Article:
Have you ever had someone tell such a shocking, ridiculous lie to your face, you didn’t have the heart to call them out on it? You just blushed for them, and looked away?
According to Lt. Col. Andre Dean US Army (Ret.) writing for the Shreveport Times, something on that order happened last week at a VFW forum with Senator Mary Landrieu in Bossier City, Louisiana.
An older veteran stood up toward the middle of the meeting and expressed to her his deep sadness and concern with the massive and constantly growing American debt ($16.9 trillion today and $5.6 trillion in 2000) and the crippling cost to taxpayers to pay for the staggering interest on that debt.
I felt he was in sync with and spoke on behalf of about 85 percent of the nation in his comments, reflecting a voice that is expressed nationally on both sides of the political aisle.
I was stunned to then hear my Louisiana senator defend the massive U.S. debt saying: “That is not true, sir! We do not have an increasing national debt! For the past six to seven years we have been continuously driving that debt down and reducing it and it is NOT increasing.”
She then went on to explain the federal costs of Medicare, Medicaid and Social Security as “non-negotiable mandates by law that cannot be changed” and explained that only a small portion of the federal budget was in discretionary spending, where she was working with others in the Senate to further reduce our nation’s debt.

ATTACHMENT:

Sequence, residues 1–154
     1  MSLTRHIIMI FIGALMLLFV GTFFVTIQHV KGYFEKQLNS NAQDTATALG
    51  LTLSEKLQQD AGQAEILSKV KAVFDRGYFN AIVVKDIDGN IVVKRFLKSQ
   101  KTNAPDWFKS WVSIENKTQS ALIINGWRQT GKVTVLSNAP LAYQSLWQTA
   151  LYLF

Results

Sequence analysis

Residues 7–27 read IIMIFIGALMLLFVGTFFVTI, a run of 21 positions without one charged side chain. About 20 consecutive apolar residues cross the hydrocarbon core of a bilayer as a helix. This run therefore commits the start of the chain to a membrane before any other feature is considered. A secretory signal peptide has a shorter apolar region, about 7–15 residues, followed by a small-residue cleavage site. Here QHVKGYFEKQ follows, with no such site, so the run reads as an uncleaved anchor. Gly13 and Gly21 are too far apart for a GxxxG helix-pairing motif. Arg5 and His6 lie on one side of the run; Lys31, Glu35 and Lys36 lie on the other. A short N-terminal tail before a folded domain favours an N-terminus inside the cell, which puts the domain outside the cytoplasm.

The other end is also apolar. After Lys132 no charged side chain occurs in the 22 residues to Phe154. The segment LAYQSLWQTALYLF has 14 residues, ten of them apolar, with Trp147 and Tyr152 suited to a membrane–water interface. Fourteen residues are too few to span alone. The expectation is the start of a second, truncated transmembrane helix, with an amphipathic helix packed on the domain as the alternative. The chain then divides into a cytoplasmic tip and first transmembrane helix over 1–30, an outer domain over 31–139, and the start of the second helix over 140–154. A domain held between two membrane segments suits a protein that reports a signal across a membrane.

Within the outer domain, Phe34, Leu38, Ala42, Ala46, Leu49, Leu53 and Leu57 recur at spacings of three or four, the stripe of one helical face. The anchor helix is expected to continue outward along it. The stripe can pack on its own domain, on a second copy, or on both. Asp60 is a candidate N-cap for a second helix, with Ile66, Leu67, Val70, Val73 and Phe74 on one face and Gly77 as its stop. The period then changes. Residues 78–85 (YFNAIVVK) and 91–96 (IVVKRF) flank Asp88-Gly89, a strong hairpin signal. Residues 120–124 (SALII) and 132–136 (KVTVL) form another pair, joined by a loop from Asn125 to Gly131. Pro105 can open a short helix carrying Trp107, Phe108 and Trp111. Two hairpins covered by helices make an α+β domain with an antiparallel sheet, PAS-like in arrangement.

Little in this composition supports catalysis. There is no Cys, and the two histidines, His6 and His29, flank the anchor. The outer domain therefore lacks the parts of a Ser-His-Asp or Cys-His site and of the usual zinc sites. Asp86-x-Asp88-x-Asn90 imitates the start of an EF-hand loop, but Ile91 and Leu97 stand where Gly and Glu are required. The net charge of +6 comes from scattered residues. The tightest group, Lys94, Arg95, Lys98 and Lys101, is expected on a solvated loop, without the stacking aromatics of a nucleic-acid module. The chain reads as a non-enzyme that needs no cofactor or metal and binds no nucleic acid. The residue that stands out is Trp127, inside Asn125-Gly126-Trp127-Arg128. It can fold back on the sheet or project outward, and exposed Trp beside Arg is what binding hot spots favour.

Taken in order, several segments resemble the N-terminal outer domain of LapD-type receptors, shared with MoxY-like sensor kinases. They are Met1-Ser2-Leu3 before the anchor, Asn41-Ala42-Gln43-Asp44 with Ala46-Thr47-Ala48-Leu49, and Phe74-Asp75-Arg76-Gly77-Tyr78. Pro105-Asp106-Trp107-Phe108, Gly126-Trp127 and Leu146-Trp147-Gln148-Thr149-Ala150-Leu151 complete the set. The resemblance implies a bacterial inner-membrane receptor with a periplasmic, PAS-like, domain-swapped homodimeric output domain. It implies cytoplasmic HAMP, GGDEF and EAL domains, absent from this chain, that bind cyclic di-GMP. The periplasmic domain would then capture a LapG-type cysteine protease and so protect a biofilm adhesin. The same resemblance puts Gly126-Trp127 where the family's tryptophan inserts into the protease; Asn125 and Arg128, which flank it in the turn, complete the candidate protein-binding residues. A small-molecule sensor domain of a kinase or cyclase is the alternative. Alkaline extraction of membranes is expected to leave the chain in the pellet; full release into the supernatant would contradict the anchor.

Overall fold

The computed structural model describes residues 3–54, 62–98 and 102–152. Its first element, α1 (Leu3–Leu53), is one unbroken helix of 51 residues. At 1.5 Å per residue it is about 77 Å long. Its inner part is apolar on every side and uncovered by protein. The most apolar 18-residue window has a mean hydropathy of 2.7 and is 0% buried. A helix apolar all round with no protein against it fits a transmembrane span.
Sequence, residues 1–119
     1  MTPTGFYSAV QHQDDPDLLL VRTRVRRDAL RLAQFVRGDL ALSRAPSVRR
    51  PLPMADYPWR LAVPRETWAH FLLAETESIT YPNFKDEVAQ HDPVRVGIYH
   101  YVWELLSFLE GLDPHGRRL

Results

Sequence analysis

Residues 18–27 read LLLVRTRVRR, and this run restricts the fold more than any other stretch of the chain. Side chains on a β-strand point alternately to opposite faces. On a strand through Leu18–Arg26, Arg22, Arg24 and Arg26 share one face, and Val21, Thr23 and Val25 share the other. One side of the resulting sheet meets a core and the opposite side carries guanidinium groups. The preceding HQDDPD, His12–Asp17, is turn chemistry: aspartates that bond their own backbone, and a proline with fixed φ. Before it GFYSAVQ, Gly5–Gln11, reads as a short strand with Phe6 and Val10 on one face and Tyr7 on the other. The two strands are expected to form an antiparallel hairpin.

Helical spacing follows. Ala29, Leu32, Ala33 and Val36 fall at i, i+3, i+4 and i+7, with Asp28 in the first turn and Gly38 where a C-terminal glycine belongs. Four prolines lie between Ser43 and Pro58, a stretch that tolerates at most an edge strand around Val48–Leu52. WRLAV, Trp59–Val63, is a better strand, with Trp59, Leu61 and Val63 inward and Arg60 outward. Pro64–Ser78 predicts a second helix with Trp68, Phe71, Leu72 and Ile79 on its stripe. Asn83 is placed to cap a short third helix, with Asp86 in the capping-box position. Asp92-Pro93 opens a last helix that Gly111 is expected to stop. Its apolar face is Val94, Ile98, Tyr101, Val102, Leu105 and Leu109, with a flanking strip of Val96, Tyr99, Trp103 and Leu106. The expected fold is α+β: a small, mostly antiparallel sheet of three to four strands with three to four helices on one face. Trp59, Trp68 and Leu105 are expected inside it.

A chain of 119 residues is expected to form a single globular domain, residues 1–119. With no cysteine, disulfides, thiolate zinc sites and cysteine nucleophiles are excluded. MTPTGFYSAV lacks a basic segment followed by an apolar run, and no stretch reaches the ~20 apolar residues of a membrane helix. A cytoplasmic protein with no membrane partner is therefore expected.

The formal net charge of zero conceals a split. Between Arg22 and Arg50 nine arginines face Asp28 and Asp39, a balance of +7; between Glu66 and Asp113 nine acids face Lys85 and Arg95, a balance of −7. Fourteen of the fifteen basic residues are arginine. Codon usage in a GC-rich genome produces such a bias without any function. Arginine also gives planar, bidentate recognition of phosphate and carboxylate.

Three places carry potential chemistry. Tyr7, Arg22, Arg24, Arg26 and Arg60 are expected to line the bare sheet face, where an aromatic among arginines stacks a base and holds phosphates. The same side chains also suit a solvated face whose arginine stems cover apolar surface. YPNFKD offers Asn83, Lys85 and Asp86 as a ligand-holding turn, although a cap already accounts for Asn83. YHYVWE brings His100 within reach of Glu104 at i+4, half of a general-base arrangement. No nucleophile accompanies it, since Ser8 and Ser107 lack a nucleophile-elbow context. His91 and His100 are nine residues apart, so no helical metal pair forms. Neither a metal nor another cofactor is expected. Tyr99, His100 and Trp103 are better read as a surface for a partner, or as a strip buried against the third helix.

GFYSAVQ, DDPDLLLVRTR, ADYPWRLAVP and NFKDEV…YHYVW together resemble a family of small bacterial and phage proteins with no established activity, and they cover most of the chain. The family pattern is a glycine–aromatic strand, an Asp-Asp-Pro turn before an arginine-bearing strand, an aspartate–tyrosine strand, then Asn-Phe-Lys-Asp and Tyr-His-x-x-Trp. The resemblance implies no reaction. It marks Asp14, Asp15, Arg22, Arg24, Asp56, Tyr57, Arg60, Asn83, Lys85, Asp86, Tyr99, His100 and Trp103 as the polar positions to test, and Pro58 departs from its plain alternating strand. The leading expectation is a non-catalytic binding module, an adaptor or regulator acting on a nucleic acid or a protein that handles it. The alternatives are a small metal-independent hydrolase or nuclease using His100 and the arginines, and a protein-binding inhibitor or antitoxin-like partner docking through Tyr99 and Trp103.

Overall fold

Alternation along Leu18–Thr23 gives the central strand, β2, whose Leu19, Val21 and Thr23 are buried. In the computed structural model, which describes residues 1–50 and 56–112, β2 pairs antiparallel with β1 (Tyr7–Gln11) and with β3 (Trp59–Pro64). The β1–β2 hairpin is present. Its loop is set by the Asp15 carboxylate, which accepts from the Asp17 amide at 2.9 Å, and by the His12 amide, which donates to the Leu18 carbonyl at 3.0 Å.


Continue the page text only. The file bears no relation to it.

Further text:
Needless to say, the attendees were dumbfounded and embarrassed. Even if she mixed up debt with deficit, like many people do – her argument doesn’t make sense. The deficit hasn’t steadily been going down for the past 7 to 8 years, either. It was going down in *the last few years of the Bush administration, and then it shot up like a rocket in 2009 courtesy of the stimulus, bank bailout and omnibus spending bill..
I think we were all too embarrassed for the senator and for her staff, and for the elderly gentleman who asked the question as none wanted to let the awkwardness go on any further, so we all just politely looked down at our feet and hoped the awkward moment would quickly come to an end. Eventually it did.
Dean would like to see some clarification from Sen. Landrieu’s office in the form of either an official correction, or an explanation that the senator had confused “national debt” with something about deficit spending.
Senator Landrieu, it should be noted has not always been so blithe about the deficit.
In April of 2004, for instance, she bitterly complained about Bush’s deficits to Judy Woodruff on CNN’s Inside Politics:
“He’s run up one of the largest debts in history, one of the largest deficits in history. That is bad for business, and it’s unsettling to Americans who like to see our government run in a very conservative, financially conservative manner, and I think they believe, Judy, they deserve that. … It’s that he’s proposing these things with no attempt to pay for them and leaving the debt to be paid for by our children. This election is going to be, in large measure, about that issue.”
*Until the 2008 stimulus under the Democrat congress.